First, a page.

Researchers are cautiously optimistic about ginseng, ginkgo, and vitamin, mineral, and herb combinations and their impact on the brain.

Check with your doctor.

Benefits of a Healthy Diet

 It may sound trite but it's true: If your diet lacks essential nutrients, it can decrease your ability to concentrate. Eating too much or too little can also interfere with your ability to focus. A heavy meal may make you feel lethargic, while too few calories can result in distracting hunger pangs.
Benefit your brain: Strive for a well-balanced diet full of a wide variety of healthy, wholesome foods.

Get Ready for a Big Day

Want to power up your ability to concentrate? Start with a meal of 100% fruit juice, a whole grain bagel with salmon, and a cup of coffee. In addition to eating a well-balanced meal, experts also advise:
  • Get a good night's sleep.
  • Stay hydrated.- Drink plenty of Water
  • Physical Exercise to help sharpen thinking.
  • Mental Exercise to help Neuron connection and brain cell growth
  • Meditate to clear thinking and relax.

Wednesday, November 24, 2010

What Is Cognitive Software?

Posted by A.N. Loganathan
As published at

The word "cognitive" refers to the brain’s ability to think and process information. Cognitive software or popularly known as Brain Training Software is a type of computer program designed to help improve a user's memory and attention skills. This type of software is developed using cognitive psychology as its basis, and aims to help people achieve success in their academic and professional goals.

ColorMatch-A typical example Brain Training Module
Brain X-Trainer 5 Home Edition

The ColorMatch module is one of the ways that the Brain X-Trainer ™ 5 may help to improve mental (attention) vitality and flexibility.  The cognitive mechanism involved in this task is directed attention.  The task will help to develop the ability to manage and direct attention, and foster the ability to inhibit or stop the initial response in the presence of conflicting information.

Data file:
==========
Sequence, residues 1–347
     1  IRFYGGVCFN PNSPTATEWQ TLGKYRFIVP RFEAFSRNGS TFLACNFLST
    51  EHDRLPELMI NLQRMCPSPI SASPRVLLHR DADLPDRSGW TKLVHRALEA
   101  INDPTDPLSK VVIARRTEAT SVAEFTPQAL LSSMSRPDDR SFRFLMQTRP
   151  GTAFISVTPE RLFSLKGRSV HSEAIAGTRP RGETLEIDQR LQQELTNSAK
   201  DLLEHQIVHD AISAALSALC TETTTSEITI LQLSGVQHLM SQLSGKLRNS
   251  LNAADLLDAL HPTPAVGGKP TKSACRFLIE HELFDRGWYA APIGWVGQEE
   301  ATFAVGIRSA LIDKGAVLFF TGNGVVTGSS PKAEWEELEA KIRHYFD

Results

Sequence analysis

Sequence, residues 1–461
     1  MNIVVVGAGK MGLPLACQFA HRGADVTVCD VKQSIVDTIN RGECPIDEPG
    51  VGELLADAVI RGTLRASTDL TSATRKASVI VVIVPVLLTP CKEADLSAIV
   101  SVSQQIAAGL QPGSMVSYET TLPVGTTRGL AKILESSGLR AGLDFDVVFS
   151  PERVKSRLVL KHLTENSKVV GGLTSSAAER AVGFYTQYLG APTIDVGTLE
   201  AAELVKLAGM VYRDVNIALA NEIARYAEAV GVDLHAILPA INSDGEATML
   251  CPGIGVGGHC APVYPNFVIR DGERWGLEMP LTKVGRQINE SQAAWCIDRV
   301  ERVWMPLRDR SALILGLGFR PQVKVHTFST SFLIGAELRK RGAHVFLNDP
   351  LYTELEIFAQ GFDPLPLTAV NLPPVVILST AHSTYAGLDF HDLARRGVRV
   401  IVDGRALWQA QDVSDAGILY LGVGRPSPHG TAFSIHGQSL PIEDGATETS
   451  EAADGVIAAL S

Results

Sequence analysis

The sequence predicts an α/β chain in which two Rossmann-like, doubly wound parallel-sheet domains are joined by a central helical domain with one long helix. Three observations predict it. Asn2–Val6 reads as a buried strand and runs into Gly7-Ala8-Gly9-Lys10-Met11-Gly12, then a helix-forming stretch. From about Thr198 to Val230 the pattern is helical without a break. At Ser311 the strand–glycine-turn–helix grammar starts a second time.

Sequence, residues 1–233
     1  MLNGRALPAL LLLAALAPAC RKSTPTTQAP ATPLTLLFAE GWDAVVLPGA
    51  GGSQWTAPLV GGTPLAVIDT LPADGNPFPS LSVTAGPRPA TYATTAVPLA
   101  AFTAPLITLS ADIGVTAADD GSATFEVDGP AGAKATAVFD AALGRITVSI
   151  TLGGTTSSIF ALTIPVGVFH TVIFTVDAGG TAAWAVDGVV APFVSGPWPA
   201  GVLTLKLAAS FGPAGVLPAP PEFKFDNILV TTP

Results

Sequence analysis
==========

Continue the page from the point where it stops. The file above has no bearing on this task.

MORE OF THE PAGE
Cognitive software is largely based around the concepts of cognitive therapy. Cognitive therapy, also known as behavioral therapy, is a type of counseling that helps an individual use more positive and effective thinking strategies to overcome mental difficulties, such as anxiety and depression. Many people who have gone through cognitive therapy find more beneficial ways of thinking whenever they find themselves in an unfavorable situation.

People who have problems with cognitive skills have been helped to develop better ways to process information by using cognitive software. Candidates who suffer from a variety of mental illnesses, such as schizophrenia and other cognitive impairments may also benefit from using this software. It is also helpful for people who have learning disabilities such as ADHD, who have been known to have problems with their attention span and listening skills.

Cognitive retraining software is also used for people who have had severe head trauma and need assistance with learning many of the basic skills they had prior to sustaining an injury. It helps people with head injuries relearn tasks such as matching, association, memory skills, and others. In addition, this technology is used in workplaces around the world to help people perform better in their jobs. This software helps people find better ways to solve problems, while at the same time sharpens their abilities to process complex information, thus making them more valuable employees.

Memory training is a concept used within cognitive software that enhances a person's intelligence and memory. The reason it is able to accomplish this is because it uses techniques such as rhyming and placement of numbers by using "chunking" to help people learn more easily. For instance, when people are trying to learn a key phrase they will make up a word that rhymes with the words — two is for glue. Chunking is another technique that can be used to remember a long list of numbers, such as a phone number. The number 1234567, for example, could be more easily memorized when it is broken into chunks: 123-45678. 

Cognitive games are another type of cognitive software that can help with information processing and brain training abilities. This software incorporates games that test and improve functions, such as processing speed, verbal fluency, and spatial working memory skills. Each game targets each individual function in the brain and helps the user develop better cognitive abilities.